Archive for July 9, 2019

After the Fox

Posted in FILM with tags , , , , , , , , , on July 9, 2019 by dcairns

Yes indeed, there’s some interesting stuff in Henry King’s swashbuckler, even if the drama itself isn’t always that engaging. Tyrone Power does his usual bad-boy-turns-good thing. Orson has a spectacular first scene, with some extraordinary expressions playing across his massive mug, then normalizes a bit into just a good Welles villain role. Rewriting the script on location he bolstered Everett Sloane’s role…

…with this feather.

The whole film looks beautiful, thanks to stunning Italian locations and Leon Shamroy’s cinematography, which raises my estimation of him even higher. (In THE BRAVADOS he showcases his usual Deluxe Color palette, with orange light and blue shadows, sometimes ignoring logic and light sources altogether, just routinely doing what he does, so that the imagery so stunning in LEAVE HER TO HEAVEN came to seem slightly tired.)

Was Orson whispering suggestions to King? He had dominated the experienced Robert Stevens on JANE AYRE, and he still had the vestiges of Hollywood stardom to give him clout. I commend to you, at the very least, the film’s second scene (commencing 2.47).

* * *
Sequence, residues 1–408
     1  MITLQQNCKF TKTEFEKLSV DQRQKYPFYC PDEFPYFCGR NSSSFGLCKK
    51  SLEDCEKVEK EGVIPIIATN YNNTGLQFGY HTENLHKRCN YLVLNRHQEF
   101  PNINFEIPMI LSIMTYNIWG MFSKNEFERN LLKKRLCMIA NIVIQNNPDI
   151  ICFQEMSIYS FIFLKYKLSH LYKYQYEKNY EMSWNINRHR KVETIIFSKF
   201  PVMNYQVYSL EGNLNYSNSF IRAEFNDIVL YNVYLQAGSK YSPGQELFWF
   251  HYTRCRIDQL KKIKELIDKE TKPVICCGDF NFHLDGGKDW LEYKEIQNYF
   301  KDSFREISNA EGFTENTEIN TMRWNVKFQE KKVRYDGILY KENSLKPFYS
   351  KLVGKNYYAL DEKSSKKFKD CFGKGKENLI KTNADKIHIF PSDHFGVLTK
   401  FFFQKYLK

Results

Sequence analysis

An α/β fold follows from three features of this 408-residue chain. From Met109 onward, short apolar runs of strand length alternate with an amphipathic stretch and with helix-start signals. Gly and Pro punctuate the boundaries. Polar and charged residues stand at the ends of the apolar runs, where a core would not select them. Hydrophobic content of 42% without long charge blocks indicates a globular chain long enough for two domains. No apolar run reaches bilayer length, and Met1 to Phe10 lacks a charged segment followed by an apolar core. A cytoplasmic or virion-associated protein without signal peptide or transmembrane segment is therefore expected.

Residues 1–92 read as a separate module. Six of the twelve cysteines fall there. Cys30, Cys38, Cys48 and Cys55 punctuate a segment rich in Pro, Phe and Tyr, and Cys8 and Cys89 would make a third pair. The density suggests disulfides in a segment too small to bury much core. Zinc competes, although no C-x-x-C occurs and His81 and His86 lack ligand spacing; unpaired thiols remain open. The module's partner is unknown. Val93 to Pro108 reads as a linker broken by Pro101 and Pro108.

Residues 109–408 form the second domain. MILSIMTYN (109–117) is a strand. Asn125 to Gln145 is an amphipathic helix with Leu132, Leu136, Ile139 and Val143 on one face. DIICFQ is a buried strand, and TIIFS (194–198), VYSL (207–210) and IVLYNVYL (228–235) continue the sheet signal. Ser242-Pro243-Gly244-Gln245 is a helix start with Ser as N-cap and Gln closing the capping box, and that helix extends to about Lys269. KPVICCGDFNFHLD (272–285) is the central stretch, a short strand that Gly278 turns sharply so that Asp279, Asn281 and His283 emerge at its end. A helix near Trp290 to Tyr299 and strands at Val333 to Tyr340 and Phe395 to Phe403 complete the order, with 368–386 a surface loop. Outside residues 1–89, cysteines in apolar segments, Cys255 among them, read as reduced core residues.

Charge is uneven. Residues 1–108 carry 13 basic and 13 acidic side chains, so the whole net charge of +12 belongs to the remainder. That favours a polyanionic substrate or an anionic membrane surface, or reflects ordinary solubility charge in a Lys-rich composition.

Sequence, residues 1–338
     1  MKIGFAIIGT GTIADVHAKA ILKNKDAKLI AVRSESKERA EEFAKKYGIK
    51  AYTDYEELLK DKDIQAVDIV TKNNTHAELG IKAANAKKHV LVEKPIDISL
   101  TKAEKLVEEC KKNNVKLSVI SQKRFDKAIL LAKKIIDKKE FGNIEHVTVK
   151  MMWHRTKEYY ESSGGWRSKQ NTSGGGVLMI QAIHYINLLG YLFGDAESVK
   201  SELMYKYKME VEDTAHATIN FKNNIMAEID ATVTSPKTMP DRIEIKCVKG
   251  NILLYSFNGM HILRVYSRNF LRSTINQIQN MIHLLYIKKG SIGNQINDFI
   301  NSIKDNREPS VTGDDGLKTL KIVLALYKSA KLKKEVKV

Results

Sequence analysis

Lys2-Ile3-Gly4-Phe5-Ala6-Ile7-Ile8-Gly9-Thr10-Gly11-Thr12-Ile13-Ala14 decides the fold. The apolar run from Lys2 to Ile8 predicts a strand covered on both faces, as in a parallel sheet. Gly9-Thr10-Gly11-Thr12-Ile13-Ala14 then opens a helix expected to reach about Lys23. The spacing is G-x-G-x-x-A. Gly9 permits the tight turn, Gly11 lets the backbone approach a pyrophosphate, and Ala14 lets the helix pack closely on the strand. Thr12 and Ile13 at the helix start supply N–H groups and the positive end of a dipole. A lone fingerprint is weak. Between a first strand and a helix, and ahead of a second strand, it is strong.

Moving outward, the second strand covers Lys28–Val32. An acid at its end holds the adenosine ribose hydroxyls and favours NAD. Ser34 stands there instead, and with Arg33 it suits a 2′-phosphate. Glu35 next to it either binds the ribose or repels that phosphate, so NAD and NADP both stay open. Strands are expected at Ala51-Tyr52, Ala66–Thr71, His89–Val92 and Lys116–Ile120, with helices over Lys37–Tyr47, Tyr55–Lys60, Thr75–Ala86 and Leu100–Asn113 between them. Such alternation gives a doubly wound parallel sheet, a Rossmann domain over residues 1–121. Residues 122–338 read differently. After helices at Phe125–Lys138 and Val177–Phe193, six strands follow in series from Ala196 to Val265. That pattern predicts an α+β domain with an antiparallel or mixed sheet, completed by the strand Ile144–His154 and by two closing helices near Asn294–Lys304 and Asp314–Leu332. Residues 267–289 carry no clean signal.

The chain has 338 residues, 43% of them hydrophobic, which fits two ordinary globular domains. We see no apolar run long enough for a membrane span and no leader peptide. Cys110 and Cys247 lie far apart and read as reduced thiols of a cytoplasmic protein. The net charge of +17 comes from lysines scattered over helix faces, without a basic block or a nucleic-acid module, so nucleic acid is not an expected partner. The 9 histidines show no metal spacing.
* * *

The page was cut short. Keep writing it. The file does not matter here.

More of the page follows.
There are low angles: when Welles mounts the podium, we view him from below, like a member of his entourage, but the reactions shots of them are taken EVEN LOWER. There’s a tracking shot running counter to the movement of Welles as he sweeps in. Those shots of the reacting listeners, at around 4.55, with the camera sweeping from one face to another in fast pans and pushy track-ins, are really extraordinary. It feels like Welles exerts more influence here than anywhere else, but it’s perhaps not PURE Welles.

The restlessness of the camera, not quite in sync with story values, driven purely by its own enthusiasm, has an early thirties vibe to me. And King hasn’t indulged in this kind of brio SINCE the early thirties. He’s back at the Fox Film Corporation, channeling the house style with youthful enthusiasm, prodded along impatiently by his Cesare Borgia…

PRINCE OF FOXES features Leonard Vole; Hank Quinlan; Pila; Pilar; Polonius: Flavia; Mr. Bernstein; and Dr. Satan.

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